Mortgage Choice has told the Australian Securities Exchange it will review its remuneration structures for franchisees in the wake of a Fairfax and 7:30 investigation into the company’s franchise model, with experts saying momentum is growing for franchisees to band together and force the hands of head offices during disputes.
On Monday, Fairfax published the first part of a joint investigation into the mortgage brokerage business, claiming “scores” of Mortgage Choice franchisees had been pushed to the financial brink after signing up with the brand.
The report outlines how the business previously employed an up-front commission model and changed this to a performance-based model based on loan targets in the wake of the Global Financial Crisis. But it never changing back to the original structure once the crisis had passed.
Failure to meet loan targets would result in brokers being placed on lower tiers for their up-front and trailing commissions, meaning they take a revenue hit, according to Fairfax.
One franchisee said he is in a “constant state of anxiety” about his monthly income and has experienced mental health issues, which he attributed to operating the Mortgage Choice franchise.
Recently appointed Mortgage Choice chief executive Susan Mitchell has admitted the model was “outdated”, while the company announced to the ASX on Monday it has been consulting with franchisees to develop “a more competitive remuneration model”.
“The purpose of an updated remuneration model is to increase franchisee remuneration and reduce franchisee income volatility to allow them to grow their businesses and assist more customers with their home loan needs,” said the company.
With the final terms still to be ironed out, it’s not clear whether the new model will satisfy franchisee concerns, but it does come off the back of 173 franchisees banding together to bring their concerns to head office. The group considered the possibility of a class action last year, according to reports.
High profile franchise disputes, such as those involving Retail Food Group and even 7-Eleven, have highlighted concerns about franchise models run beyond the food and cafe sectors, as have submissions to the Senate inquiry into the operation of the franchising code.
Principal at Legalite, Marianne Marchesi, says submissions to the inquiry have shown the breadth of concerns and also helped to build momentum when franchisees go public with their disputes, having often banded together into collectives.
“I think franchisees are starting to realise that that is the best way for them to have some kind of negotiating power,” she says.
Collective voice grows
Australians are well aware that franchisees face a power imbalance when it comes to negotiating, says Ashlea Kellner, a research fellow at Griffith University’s Centre for Work, Organisation and Wellbeing.
“There is going to be an increase in franchisee voice just as there has been an increase in the level of conversation about franchisor conduct in the media,” she tells SmartCompany.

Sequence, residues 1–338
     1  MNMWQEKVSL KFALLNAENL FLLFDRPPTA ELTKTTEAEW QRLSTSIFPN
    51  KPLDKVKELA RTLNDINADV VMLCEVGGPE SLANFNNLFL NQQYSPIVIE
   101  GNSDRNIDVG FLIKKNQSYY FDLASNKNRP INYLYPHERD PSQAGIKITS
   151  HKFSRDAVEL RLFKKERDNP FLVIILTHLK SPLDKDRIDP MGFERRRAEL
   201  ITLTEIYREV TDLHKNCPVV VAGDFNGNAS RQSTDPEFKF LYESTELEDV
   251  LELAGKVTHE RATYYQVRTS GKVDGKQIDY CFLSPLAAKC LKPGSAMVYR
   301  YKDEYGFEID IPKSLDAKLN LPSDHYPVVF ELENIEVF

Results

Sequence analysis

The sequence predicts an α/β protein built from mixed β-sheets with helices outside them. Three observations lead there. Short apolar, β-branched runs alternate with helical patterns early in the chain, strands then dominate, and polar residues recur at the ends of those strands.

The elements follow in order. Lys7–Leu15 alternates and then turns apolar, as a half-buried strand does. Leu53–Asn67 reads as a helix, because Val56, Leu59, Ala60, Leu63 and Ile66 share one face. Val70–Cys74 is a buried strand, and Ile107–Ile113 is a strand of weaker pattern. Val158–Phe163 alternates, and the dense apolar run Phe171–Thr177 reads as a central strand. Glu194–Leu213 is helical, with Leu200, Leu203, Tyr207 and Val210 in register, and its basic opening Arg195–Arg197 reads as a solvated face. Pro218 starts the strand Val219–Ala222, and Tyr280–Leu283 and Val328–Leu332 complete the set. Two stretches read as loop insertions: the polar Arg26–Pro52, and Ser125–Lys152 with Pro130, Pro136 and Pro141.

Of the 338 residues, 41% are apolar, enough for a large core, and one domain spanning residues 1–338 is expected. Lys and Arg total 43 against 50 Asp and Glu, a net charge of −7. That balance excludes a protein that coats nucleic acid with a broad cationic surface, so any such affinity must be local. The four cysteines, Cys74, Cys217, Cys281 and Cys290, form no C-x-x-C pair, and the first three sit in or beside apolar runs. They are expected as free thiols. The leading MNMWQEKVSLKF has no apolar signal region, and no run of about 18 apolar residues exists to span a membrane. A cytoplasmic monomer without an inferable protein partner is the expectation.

“The only way for them to be heard and for change to happen is for them to come together with a united voice.”
Stories like the Mortgage Choice scenario show momentum is growing for franchisees to work together to fight issues with head office, a task Kellner says can be complicated given some franchise networks in Australia have a large number of franchisees who were born overseas, which means some may be more unsure of their rights or reluctant to raise issues in the past.
“These franchisees are probably less sure about their rights and the legislation that surrounds the franchisor’s actions,” she says.
Marchesi says while franchisees may have been more reluctant to band together in the past, it’s now accepted that they have the right to do this and start conversations with franchisors.
“Under the code, franchisors can’t prevent franchisees coming together for a lawful purpose,” she says.
Review processes critical
Marchesi suggests stories like the Mortgage Choice investigation also drive home how critical it is for franchisors to review their structures and agreements over the longer term.
Just like any other business, franchise networks operate in the face of changing market conditions and the agreements they set up with franchisees at the outset might not be appropriate years down the track. With the sector in the spotlight, franchisors are increasingly expected to make changes when their agreements are outdated.
“If franchisors were just thinking of sitting back at this point, it does make it a bit difficult,” she says.
“They should be reviewing their agreements when franchisees are raising issues with the system. That can be a huge alarm bell that something is wrong and needs to be fixed. Times change, the economy changes, and it’s important to constantly review the model.”